Arduino Based MIDI Sequencer

I’ve programmed a sequencer for the Arduino microcontroller platform, designed to be used with the Sparkfun MIDI Shield. The sequencer combines an arpeggiating sequencer like that found on the Access Virus with a transposable recording sequencer, similar to the one on the Roland SH-101.

get it here.

I make fairly extensive use of MIDI in my own setup, so I’ve tried to keep the sequencer fully compatable with all MIDI data, SYSEX included. Any data not used by the sequencer channel should be passed to the output, and the sequencer has a ‘bypass’ function for which all MIDI data is passed directly to the output. The sequencer also stores and sequences velocity data along with the note data.

The mode is selected with the ‘A0‘ knob – if it’s all the way counter-clockwise, the sequencer works in recording mode. Other positions select pre-defined sequences to use in apeggiating sequence mode.

There are three selectable ‘trigger modes’ for the sequencer – inspired by the sequencer modes on the DSI Evolver. By default, the sequence runs normally, but can be set to run in ‘note gate’ or ‘note retrigger’ modes. In these modes, the sequencer only plays when notes are held. In ‘note gate’ the sequencer runs muted, and unmutes with notes held. In ‘note retrigger’ mode, the sequencer restarts when a new note is played (after all notes have been released).

The D4 and D3 buttons work as ‘shifts’ – holding these give the knobs and other buttons different functions. Here’s a summary of the controls:

A0: sequence select
A1: note length
D2: start/stop playing, or restart sequence if synchronised to external MIDI clock
D4: erase notes when recording

shift D4+A0: tempo, or step duration if clocked externally (from 32nd notes to dotted 8ths).
shift D4+A1: sequence loop length – fully clockwise, the entire sequence is played. turning counter-clockwise shortens the number of steps the pattern is looped by adjusting the end position.
shift D4+D2: temporarily mute sequencer (inverted for ‘note gate’ trigger modes).

shift D3+A1: trigger mode – counter-clockwise is normal, in the middle is ‘note gate’ and clockwise is ‘note retrigger’.
shift D3+D2: arm record when in transposable recorder mode (A0 fully counter-clockwise). The red LED will come on, and blink on the first step of the sequence.
shift D3+D4: bypass. The green LED will come on fully to show the sequencer is bypassed.

some more information on the modes:

Transposable Recording Sequencer
Turn A0 completely counter-clockwise, press play (D2) or start the master MIDI sequencer, then hold D3 and press D2 – the red LED should light. The sequence is now recording. any notes received on the sequencer channel will be recorded and looped continuously (overdubbed). To erase notes, press and hold D4 – only steps that would be played while D4 is held will be erased.
To exit recording mode, hold D3 and press D2 again – the red LED will go out. The sequencer is now in transpose mode, using the lowest note recorded as the transpose basis. Any note pressed above or below the basis note will transpose the entire sequence up or down. Transpose can also be used in combination with ‘note gate’ and ‘note retrigger’ modes.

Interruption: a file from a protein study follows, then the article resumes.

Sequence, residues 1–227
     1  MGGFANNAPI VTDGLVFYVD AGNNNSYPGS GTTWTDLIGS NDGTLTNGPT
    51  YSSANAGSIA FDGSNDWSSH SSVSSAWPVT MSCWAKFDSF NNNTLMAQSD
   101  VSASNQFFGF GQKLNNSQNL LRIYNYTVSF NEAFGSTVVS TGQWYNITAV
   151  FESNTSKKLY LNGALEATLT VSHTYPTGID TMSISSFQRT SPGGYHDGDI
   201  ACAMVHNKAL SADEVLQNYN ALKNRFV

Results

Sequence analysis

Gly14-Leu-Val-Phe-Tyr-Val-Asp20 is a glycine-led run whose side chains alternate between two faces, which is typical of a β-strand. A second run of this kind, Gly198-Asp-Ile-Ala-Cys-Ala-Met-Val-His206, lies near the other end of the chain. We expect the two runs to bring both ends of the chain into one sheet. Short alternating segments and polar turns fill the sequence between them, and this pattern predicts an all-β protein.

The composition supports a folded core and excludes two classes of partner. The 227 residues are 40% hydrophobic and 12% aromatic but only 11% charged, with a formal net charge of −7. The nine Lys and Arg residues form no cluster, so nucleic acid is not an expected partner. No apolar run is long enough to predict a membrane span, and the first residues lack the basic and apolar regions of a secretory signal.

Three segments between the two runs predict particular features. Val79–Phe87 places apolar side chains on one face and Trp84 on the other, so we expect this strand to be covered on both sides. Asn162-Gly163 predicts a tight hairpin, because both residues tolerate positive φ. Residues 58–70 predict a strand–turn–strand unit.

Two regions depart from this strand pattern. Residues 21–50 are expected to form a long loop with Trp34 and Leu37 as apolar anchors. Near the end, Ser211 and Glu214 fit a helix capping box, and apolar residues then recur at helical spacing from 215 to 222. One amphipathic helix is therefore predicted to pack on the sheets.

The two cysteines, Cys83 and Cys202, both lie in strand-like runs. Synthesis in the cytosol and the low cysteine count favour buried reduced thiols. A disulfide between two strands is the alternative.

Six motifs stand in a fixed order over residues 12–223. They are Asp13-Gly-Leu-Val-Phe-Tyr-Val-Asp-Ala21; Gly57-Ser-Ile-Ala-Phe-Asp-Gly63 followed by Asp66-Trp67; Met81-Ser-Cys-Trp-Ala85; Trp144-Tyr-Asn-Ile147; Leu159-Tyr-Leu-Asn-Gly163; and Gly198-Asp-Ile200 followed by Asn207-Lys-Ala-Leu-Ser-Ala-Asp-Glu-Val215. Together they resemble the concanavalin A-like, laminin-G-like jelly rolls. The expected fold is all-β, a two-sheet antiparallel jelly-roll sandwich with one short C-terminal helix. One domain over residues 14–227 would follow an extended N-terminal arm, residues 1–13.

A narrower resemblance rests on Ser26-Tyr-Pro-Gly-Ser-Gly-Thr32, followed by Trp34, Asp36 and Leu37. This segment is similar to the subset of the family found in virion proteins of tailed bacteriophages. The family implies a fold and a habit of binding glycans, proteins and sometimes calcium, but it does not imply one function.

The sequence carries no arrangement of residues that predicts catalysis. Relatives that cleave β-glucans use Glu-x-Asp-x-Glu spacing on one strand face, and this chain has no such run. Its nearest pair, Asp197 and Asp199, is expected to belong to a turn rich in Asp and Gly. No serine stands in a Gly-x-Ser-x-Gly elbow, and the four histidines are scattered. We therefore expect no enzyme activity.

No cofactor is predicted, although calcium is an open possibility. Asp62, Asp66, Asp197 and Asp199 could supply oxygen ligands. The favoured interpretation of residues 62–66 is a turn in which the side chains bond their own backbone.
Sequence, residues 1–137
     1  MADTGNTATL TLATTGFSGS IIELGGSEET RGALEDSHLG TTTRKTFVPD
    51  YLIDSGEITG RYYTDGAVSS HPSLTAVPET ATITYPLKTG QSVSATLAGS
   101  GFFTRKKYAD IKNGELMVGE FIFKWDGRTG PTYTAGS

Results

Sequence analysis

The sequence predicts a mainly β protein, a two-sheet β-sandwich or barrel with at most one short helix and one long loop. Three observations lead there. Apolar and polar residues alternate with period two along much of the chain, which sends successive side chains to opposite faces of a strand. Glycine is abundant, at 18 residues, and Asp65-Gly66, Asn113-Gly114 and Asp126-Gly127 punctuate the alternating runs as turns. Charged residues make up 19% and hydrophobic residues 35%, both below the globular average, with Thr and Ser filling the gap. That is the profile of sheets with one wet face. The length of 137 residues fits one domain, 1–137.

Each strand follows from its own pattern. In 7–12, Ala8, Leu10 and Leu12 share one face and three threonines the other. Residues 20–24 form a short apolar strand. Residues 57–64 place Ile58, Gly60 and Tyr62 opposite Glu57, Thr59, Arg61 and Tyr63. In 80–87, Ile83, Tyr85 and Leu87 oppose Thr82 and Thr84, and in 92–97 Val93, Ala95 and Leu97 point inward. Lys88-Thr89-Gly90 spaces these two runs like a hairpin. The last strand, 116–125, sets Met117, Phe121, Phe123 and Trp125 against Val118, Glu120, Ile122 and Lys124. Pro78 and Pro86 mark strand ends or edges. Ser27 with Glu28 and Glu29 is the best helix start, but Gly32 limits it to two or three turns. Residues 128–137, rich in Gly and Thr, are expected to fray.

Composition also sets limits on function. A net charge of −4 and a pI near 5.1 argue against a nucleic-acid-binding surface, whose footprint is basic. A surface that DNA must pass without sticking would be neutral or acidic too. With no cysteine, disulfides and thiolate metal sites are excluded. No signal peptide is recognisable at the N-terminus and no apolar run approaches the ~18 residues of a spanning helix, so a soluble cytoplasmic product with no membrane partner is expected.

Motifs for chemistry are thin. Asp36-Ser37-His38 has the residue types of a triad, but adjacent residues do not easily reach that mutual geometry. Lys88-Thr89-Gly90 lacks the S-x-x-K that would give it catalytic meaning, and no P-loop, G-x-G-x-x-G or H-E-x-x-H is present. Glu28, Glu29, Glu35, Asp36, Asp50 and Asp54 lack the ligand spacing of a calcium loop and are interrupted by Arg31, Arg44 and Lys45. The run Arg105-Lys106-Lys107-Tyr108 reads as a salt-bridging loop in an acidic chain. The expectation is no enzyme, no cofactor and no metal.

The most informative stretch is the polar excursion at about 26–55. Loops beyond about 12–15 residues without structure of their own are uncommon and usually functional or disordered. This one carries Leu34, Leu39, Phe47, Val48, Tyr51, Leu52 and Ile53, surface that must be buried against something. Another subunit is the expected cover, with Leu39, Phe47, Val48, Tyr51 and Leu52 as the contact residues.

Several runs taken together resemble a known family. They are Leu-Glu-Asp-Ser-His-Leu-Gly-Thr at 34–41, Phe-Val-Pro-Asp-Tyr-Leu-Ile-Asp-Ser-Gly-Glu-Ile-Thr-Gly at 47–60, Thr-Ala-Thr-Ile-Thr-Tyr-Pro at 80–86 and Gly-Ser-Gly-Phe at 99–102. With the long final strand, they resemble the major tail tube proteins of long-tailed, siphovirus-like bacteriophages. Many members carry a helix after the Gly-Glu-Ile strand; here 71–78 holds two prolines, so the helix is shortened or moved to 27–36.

Arpeggiating Sequencer
There are currently seven stored patterns that this mode can use. Changing these patterns, or adding more, is pretty easy to do in the Arduino sketch. One of the patterns, for example, looks like:
{1,0,2,0,3,0,4,0,5,0,6,0,7,0,8,0}
Each number represents one of 16 steps. The zeros are rests – no note gets played on that step. The other numbers represent the order of the notes in the chord that was last played. If less than 8 notes were played, the numbers ‘wrap’. For example, say a C-Major chord is played, C-E-G, in that order. The sequence would then be:
{C,-,E,-,G,-,C,-,E,-,G,-,C,-,E,-}
Going back to C again on the first step of the sequence.

Installation
The Arduino sketch is included here.
I’ve also included the version of the FortySevenEffects MIDI library I used to compile. This is the current ‘dev’ branch of that library and includes some MIDI thru functions that might not be in the main library. It’s what I used for testing, so everything should work as expected if you include it in your /libraries/ folder ‘as is’ when compiling.

Code Stuff
If you want to dive into the provided code, there are a few things that are simple to change. At the top, the CHANNEL define number can be easiliy changed to allow the sequencer to operate on a different MIDI channel, and this should cause the data on other MIDI channels to be passed to the output. Note that the MIDI channels are not zero indexed – channel 1 is 1 and channel 16 is 16.
The sequence length can be changed with ‘const int maxSeqLength=16;’ Note that the data in int ‘noteSeq[numberSequences][maxSeqLength]’ will have to be amended accordingly.
Finally, the maximum number of notes that can be held in a chord is currently 8. Holding more will push out the earlier notes (as will releasing only some notes and pressing new ones). If you’d like to increase or decrese this from 8, change ‘const int holdNotes=8;’ and update the ‘activeNotes’ and ‘activeVelo’ arrays accordingly. The ‘noteSeq’ data will also have to be changed to reflect the reduced or expanded number of notes available.
There is also a ‘hidden function’ I haven’t mentioned, but should be evident from the sketch :)

Finally…
Big thanks to Francois Best for his excellent work on the Arduino MIDI library, and for the quick response in getting it up and running with this sketch!